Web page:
Energy consumed in buildings accounts for up to 75 percent of all carbon emissions in C40 Cities in the United States, so it’s critical that cities understand how best to tackle this sector. Better management and understanding of building data allows cities to target policies and programs that will have the greatest impact on emissions.

"C40 is pleased to join the SEED collaborative because we know that action on climate change comes about more quickly and at a lower cost when cities share knowledge, collaborate and work with the private sector, state officials, and national leaders."
-- Mark Watts, executive director, C40 Cities Climate Leadership Group

Institute for Market Transformation
"Collaboration in identifying, establishing, and standardizing best practices on the use of building performance data is a critical step in moving the larger market toward more efficient buildings—a transformation that will benefit a vast number of cities, building owners, and occupants. IMT is proud to participate in the SEED Collaborative and build upon the diverse perspectives its participants, partners, and DOE bring to the table in this important endeavor."
-- Cliff Majersik, executive director, Institute for Market Transformation

Natural Resources Defense Council
"We live in a Big Data world and the SEED Collaborative gives us the tools we need to talk to each other about the most effective ways to use our natural resources by saving energy in the very buildings that give our cities their unique character,. The SEED Collaborative is a remarkable partnership that solves the problem of lack of access to information enabling cities to make good decisions on energy efficiency in buildings. We at NRDC are committed to scaling up good solutions and we are excited to work with the innovative leaders at the Department of Energy to make this happen."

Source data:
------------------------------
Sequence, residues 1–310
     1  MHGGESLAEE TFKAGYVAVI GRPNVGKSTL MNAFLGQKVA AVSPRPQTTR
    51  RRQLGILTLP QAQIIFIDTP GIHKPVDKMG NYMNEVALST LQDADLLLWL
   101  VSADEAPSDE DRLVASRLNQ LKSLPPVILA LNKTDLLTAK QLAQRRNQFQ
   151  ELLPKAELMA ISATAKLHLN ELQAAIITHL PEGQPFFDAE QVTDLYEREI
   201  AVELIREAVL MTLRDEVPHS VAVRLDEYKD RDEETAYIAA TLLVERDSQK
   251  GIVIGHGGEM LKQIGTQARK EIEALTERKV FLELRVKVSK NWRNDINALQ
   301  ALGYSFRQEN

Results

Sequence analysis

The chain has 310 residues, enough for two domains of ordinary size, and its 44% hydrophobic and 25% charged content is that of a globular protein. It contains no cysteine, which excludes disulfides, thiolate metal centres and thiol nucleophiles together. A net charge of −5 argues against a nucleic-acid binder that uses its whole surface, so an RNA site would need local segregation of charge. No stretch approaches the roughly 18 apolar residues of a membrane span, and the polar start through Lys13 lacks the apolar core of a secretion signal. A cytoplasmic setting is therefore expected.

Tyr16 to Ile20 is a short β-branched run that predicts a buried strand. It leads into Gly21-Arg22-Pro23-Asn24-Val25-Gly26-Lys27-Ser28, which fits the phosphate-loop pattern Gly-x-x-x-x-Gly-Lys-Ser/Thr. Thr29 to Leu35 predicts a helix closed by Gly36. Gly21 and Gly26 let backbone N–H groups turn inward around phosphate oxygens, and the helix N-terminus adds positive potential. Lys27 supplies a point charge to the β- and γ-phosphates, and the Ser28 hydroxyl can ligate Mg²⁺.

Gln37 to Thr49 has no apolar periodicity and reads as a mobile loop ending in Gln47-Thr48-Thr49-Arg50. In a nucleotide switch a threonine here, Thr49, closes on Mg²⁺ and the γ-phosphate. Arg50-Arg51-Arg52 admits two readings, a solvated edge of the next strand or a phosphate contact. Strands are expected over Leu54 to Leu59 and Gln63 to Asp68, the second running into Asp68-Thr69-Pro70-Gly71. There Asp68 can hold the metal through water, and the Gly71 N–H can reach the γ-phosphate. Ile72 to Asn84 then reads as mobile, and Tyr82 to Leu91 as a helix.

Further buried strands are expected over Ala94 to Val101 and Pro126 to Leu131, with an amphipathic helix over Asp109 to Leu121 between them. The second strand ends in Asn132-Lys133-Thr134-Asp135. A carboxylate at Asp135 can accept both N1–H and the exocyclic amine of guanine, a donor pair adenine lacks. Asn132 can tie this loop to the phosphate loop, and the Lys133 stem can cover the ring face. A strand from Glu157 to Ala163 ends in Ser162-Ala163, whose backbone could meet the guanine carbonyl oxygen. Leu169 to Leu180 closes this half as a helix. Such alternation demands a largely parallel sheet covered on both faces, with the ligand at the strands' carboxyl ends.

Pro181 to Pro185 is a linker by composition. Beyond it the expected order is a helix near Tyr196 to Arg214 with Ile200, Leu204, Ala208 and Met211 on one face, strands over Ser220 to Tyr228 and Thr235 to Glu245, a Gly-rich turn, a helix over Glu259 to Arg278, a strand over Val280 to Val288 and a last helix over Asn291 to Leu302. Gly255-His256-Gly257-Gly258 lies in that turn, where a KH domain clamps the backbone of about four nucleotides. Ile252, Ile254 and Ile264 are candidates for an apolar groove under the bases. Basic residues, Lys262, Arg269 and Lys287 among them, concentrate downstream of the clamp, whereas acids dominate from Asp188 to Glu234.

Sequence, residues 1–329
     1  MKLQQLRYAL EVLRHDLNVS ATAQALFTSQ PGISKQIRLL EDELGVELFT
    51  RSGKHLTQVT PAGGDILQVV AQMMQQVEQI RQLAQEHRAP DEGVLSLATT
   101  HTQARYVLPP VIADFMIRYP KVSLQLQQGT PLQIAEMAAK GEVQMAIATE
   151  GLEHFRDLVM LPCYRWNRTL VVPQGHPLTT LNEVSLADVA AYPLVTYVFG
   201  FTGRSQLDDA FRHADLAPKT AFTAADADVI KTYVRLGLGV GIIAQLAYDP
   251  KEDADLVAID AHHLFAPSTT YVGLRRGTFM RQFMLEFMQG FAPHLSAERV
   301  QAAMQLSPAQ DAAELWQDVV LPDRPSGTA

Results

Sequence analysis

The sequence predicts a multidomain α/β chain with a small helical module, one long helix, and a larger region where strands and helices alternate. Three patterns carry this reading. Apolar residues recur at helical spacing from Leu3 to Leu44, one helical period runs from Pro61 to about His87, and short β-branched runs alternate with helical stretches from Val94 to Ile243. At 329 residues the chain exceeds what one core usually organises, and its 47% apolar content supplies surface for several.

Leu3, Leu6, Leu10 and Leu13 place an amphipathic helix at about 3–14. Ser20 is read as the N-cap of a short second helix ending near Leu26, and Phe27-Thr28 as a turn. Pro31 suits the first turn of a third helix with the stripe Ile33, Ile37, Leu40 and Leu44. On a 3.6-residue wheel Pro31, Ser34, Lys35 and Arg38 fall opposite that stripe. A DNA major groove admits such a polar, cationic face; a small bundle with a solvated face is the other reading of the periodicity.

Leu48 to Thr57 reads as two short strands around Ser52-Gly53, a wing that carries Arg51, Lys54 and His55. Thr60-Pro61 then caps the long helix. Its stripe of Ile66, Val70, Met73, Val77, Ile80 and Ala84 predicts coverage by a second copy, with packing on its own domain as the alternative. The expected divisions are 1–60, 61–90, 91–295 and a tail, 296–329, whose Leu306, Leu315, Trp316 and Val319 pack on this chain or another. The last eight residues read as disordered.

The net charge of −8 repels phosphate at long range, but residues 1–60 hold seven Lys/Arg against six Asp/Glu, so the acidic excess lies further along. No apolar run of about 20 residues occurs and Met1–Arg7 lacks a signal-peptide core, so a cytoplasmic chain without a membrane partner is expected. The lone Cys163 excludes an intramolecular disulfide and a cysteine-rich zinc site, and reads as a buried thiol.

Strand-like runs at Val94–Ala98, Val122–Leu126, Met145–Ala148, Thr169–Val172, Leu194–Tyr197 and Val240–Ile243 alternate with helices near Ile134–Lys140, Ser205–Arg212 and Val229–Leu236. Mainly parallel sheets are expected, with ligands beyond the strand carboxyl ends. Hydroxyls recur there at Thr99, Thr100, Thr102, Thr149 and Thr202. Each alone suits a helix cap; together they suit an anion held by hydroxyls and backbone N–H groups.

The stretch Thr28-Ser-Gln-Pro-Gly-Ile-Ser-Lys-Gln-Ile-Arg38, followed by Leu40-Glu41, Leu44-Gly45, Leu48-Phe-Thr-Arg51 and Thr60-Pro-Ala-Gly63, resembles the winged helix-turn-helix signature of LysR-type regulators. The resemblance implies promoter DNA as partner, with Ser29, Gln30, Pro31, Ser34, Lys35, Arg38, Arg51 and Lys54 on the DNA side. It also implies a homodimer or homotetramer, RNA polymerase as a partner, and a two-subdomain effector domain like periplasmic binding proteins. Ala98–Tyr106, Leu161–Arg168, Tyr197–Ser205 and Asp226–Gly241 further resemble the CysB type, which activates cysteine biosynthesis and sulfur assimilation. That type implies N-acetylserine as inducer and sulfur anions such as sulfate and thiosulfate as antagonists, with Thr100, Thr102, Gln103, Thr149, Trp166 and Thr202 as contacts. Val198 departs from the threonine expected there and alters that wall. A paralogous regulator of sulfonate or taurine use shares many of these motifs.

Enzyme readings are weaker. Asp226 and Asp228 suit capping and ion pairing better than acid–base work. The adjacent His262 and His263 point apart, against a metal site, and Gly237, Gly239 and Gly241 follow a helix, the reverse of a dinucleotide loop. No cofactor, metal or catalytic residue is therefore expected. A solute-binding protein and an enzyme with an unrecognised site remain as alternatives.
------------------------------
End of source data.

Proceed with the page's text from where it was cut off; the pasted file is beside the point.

-- Shelley Poticha, director, Urban Solutions program at the Natural Resources Defense Council

National League of Cities
"Cities that efficiently utilize and understand the data they collect can provide greater service to their residents. The SEED Collaborative is an important step for cities and local governments so they can make smarter decisions about how to use data more effectively."
-- Clarence E. Anthony, CEO and executive director, National League of Cities

National Association of State Energy Officials
"The SEED Collaborative is another example of what State Energy Offices can achieve with their local government, private, and federal partners. This effort takes the data conversation out of the abstract and provides a platform for states to continue to innovate by effectively managing and comparing building energy consumption and the efficacy of efforts aimed at improving the efficiency in the institutional and commercial building stock."
-- David Terry, executive director, National Association of State Energy Officials